Design technology is the manner in which we convert our concept desired system into an implementation.
The three main design technologies are
This design technology allows a designer to define functionality in an abstract manner and the technology will automatically generate the lower level implementation details. Designer benefit because they do not have to be aware of the lower level implementation details, which will increase their productivity.
Libraries and IP are essentially catalogs of pre-existing implementations. This benefits the designer because they don't have to be "re-invent the wheel".
This design technology ensures that the functionality of a system is correct. This saves the designer time by preventing debugging at the low level.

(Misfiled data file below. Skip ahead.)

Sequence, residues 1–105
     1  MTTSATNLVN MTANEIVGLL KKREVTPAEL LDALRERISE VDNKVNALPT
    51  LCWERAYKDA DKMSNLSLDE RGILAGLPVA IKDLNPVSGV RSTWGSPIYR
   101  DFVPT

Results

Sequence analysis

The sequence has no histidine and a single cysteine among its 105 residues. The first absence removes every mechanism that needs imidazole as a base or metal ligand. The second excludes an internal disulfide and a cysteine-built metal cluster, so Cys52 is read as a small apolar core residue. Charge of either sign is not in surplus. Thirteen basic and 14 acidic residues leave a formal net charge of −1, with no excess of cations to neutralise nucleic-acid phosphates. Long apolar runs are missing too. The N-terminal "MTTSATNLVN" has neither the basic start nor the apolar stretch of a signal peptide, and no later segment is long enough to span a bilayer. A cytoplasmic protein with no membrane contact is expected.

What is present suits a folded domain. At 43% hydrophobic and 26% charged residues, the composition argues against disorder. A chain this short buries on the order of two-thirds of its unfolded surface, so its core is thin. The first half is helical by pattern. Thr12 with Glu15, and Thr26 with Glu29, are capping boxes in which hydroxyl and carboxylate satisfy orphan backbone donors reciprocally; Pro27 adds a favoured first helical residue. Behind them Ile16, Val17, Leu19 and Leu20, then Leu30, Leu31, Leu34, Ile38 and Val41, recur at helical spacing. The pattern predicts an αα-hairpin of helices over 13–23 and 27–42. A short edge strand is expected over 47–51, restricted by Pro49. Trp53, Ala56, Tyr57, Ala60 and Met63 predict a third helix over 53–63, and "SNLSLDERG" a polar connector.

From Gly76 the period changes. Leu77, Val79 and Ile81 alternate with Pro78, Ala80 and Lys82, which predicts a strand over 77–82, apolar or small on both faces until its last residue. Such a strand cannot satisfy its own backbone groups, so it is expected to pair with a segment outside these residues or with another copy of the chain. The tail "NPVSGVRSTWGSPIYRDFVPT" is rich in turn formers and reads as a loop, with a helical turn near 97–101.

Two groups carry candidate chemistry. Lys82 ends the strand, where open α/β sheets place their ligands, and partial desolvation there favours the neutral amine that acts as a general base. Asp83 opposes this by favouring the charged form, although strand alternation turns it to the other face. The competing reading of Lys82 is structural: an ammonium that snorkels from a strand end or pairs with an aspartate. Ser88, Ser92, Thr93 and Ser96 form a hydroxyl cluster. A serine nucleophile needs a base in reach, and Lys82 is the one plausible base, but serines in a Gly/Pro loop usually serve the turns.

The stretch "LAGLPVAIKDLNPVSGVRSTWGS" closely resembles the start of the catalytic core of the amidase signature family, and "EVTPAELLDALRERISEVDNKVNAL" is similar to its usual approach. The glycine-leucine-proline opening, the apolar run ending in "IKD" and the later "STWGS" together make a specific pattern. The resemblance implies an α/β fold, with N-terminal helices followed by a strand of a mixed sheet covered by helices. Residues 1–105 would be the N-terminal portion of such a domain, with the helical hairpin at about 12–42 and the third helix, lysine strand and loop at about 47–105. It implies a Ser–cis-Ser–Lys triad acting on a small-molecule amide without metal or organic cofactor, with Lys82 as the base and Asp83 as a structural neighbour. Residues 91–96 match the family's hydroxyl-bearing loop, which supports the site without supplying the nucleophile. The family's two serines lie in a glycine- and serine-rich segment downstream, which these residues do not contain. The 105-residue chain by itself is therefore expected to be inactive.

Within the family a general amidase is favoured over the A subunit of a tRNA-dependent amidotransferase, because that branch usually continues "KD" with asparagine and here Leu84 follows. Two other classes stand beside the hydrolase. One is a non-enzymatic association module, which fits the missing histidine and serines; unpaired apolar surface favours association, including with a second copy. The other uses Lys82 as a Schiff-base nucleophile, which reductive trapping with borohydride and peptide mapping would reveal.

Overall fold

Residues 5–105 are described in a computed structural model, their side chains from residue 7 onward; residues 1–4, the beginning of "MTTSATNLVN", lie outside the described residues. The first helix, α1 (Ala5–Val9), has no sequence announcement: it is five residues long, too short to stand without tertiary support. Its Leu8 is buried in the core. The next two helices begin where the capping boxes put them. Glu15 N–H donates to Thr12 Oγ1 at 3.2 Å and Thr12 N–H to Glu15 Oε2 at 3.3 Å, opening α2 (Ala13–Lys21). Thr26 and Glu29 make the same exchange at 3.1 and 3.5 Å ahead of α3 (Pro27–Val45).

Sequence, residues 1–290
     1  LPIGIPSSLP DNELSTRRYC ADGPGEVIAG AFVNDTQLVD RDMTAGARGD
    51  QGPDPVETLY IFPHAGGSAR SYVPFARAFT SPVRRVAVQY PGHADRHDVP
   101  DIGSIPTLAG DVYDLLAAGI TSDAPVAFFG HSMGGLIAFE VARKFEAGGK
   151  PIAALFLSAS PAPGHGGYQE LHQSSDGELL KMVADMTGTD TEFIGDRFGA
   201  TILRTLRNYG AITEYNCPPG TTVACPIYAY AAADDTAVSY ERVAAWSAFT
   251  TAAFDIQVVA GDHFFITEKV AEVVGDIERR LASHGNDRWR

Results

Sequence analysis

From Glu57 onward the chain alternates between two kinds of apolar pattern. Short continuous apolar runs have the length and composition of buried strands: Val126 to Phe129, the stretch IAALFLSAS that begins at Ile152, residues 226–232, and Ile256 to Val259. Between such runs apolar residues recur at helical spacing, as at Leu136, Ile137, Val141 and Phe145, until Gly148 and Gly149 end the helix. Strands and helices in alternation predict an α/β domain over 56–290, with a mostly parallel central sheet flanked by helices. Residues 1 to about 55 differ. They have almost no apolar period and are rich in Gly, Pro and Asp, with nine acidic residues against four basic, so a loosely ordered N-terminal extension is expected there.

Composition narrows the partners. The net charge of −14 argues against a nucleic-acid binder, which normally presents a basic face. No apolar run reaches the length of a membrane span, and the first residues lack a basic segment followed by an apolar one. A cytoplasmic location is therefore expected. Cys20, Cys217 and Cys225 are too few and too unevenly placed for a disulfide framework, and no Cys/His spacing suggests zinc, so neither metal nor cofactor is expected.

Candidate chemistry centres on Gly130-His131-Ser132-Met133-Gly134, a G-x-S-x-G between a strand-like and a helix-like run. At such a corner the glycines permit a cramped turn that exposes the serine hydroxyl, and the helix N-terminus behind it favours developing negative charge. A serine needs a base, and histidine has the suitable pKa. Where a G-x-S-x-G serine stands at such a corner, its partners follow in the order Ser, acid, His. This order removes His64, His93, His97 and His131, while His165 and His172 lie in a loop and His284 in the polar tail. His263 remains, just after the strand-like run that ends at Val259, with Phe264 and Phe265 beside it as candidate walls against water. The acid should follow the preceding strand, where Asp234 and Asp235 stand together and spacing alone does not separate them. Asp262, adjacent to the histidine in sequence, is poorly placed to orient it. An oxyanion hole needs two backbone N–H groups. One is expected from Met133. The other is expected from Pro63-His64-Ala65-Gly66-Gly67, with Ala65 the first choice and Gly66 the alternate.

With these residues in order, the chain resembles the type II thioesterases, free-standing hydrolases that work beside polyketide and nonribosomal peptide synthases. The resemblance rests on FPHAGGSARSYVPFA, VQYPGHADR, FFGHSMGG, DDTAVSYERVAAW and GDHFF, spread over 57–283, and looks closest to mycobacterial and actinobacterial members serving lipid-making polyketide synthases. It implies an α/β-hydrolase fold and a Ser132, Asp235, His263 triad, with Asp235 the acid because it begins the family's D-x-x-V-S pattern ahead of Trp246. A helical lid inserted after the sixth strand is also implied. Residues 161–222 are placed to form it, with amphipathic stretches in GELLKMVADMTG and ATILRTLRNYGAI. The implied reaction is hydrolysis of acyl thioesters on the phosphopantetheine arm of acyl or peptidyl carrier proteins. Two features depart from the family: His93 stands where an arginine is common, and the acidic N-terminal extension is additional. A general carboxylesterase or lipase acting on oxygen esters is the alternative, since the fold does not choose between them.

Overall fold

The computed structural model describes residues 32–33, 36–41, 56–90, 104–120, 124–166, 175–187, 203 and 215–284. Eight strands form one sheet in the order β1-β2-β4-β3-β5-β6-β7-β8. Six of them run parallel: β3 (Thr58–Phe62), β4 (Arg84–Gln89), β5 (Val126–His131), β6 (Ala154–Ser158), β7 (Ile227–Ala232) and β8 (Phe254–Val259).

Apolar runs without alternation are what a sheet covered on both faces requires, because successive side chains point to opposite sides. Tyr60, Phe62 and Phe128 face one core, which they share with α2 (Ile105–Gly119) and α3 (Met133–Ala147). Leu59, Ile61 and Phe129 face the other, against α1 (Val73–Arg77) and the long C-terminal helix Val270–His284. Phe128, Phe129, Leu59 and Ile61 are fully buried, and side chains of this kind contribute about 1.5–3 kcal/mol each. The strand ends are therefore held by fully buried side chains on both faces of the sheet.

Top-down design process:
The designer refines the system through several abstraction levels.
At the system level, the designer describes the desired functionality in some language, often a natural language like English, but preferably an executable language like 'C' & this is called system specifications.
The designer refines this specification by distributing a portion of it among several general or single-purpose processors, yielding behavior specification for each processor.
The designer refines these specifications into register transfer (RT) specifications by converting behavior on general purpose processors to assembly code, and by converting behavior on single-purpose processors to a connection of register-transfer components and state machine.
The designer then refines the register transfer level specifications of a single purpose processor into a logic specifications consisting of boolean equations.
No refinement of a general-purpose processors assembly code is done at this level.
Finally, the designer refines the remaining specifications into an implementation, consisting of
Machine codes for general purpose processors and
A Gate-level Netlist for special-purpose processors.